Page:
Recently Missouri State professor Dr. Lyle Foster contacted the Galloway Village Neighborhood Association to request that someone from our association meet with his sociology class to discuss community building and answer questions regarding the upcoming ballot measure. We met on a gorgeous autumn day with fall foliage at its peak, and engaged in a wonderful conversation that proved to be a huge inspiration to me personally.
Dr. Foster’s class wanted to know EVERYTHING, from the history of Galloway Village and Sequiota Park, to our four-year zoning battle, to the formation of our association, and even general tips on community building.
I realized during and after this discussion just how much I have learned and gained since this community galvanized around a rezoning request in July 2018. Five years ago I would not have been able to answer any of their questions. Even though I have lived a half-mile from Sequoita Park since 2004, I did not know any more about the history of Galloway Village or the park than what you would find on the placard at the park’s entrance. I did not know any neighbors other than a few on my street and one or two on adjacent streets. I had never participated in an event for the benefit of our local community.
Until this sociology class graced me with their fresh faces and questions, it had not quite dawned on me how much of our slogan “Preserve, Connect and Protect” has actually been embraced and achieved by our membership over the last four-plus years.
The mission of the Galloway Village Neighborhood Association is:
“We, the members of the Galloway Village Neighborhood Association, sharing a love for the area we call “home”, will work to preserve the area’s natural qualities, protect the overall character, history, and quality of life in our neighborhood, and connect by fostering positive engagement among neighbors.”
Since our formation in October 2018, GVNA has grown our membership to over 150 households and businesses and hosted 50-75 events centered around the general goal of keeping our neighborhood clean, safe and friendly. Just a few of these include undertaking a survey of area historic buildings, forming the largest neighborhood watch in the city, adopting a stream and conducting three stream cleanups per year, and fundraising almost $70,000 through various events. We have grown our public unofficial neighbors Facebook page to over 1.7k members, and formed new ties within our community that are serving to make us stronger, healthier and happier.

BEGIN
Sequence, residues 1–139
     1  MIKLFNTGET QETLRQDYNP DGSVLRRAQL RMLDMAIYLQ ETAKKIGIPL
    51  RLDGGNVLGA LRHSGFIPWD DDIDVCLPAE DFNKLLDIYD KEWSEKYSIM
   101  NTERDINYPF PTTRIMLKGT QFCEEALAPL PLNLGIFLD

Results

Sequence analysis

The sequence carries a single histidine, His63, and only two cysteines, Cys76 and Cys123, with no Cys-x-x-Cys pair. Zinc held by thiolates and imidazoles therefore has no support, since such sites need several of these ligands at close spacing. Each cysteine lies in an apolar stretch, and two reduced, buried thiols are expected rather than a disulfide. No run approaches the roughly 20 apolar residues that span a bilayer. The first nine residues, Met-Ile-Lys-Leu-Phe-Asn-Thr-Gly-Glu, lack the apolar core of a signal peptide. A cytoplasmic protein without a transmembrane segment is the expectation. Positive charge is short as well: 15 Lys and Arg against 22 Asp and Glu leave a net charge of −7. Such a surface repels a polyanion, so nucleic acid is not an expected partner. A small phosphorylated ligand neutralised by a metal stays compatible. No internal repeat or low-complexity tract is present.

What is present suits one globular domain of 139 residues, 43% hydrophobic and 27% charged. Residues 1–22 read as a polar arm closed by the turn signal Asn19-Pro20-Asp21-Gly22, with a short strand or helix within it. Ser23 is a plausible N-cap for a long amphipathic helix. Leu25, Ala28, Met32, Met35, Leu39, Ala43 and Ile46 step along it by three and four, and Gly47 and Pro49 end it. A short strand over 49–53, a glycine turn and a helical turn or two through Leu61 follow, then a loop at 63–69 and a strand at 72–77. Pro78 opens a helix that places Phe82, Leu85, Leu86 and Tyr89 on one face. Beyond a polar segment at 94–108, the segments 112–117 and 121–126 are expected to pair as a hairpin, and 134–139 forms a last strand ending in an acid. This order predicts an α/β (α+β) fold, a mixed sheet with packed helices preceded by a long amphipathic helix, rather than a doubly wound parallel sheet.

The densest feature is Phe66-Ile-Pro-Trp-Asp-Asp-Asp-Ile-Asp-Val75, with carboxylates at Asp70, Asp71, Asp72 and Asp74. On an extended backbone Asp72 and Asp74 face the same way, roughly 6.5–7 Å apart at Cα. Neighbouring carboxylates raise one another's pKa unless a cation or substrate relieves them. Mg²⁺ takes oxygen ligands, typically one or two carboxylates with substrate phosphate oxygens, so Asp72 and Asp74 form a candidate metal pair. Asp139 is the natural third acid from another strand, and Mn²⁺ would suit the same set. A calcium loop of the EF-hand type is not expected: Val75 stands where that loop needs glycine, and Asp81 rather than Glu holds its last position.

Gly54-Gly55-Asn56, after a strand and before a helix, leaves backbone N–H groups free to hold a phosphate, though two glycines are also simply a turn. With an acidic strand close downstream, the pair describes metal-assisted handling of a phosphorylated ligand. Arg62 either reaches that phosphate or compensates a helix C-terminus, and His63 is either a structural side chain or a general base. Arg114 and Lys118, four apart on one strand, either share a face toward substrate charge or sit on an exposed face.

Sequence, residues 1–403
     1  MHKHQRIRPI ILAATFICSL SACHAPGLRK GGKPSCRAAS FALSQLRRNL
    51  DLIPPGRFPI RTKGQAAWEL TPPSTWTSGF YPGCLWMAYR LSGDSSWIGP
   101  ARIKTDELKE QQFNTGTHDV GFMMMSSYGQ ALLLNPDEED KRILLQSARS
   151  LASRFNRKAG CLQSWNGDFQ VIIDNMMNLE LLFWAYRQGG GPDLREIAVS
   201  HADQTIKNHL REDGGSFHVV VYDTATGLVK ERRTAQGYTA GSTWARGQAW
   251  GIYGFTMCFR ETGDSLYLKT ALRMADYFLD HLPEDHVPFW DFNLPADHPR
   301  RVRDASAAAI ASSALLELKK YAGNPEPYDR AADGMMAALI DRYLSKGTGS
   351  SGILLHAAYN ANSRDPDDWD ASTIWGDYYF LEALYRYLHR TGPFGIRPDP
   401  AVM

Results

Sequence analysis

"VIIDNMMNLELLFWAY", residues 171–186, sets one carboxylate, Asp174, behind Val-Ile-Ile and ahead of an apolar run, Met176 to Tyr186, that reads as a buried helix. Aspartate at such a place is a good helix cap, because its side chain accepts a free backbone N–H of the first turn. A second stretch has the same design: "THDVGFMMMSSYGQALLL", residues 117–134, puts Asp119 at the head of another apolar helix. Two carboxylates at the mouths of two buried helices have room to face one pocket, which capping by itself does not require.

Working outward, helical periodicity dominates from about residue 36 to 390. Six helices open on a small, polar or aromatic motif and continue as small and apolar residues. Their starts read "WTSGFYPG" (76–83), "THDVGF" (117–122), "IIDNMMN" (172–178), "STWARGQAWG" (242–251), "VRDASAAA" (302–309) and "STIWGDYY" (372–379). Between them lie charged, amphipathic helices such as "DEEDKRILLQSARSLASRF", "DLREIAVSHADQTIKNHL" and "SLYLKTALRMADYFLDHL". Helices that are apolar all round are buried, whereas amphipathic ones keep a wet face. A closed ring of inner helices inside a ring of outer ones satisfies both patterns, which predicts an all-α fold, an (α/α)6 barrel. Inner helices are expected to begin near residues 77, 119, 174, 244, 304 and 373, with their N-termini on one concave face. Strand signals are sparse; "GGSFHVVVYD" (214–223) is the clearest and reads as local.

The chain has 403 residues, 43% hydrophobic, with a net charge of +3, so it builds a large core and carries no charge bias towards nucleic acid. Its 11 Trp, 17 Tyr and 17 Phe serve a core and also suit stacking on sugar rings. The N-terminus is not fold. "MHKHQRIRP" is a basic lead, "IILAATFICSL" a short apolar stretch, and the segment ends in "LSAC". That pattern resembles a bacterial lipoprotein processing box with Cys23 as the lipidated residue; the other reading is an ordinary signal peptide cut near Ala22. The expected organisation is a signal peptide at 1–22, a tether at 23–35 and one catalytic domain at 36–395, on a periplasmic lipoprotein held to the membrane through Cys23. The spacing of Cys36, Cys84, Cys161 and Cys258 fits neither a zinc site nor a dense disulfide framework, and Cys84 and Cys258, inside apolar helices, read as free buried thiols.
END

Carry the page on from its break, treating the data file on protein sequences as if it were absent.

At a public hearing in 2018, a prominent architect told City Council that fighting development was not a good reason to form a neighborhood association, and that it was too late for Galloway. My counter to that is ANY reason is a great reason to form a neighborhood association. The benefits of neighborhood engagement are too numerous to list, but if you set out to preserve the best defining features of your neighborhood, connect the residents and businesses into one close-knit involved community, and protect the unique characteristics of your neighborhood, those who live and do business there, as well as those who visit, will reap the benefits for generations.
I am eternally grateful to Dr. Foster and his class for helping me to realize how thankful I am to have been a part of this amazing neighborhood association’s formation and how much we have truly benefited from what at first seemed like a negative situation. It wasn’t too late for Galloway in 2018 and it’s still not. Galloway Village is alive and well, more united than ever, and ready to continue our mission to preserve, connect, and protect far into the future.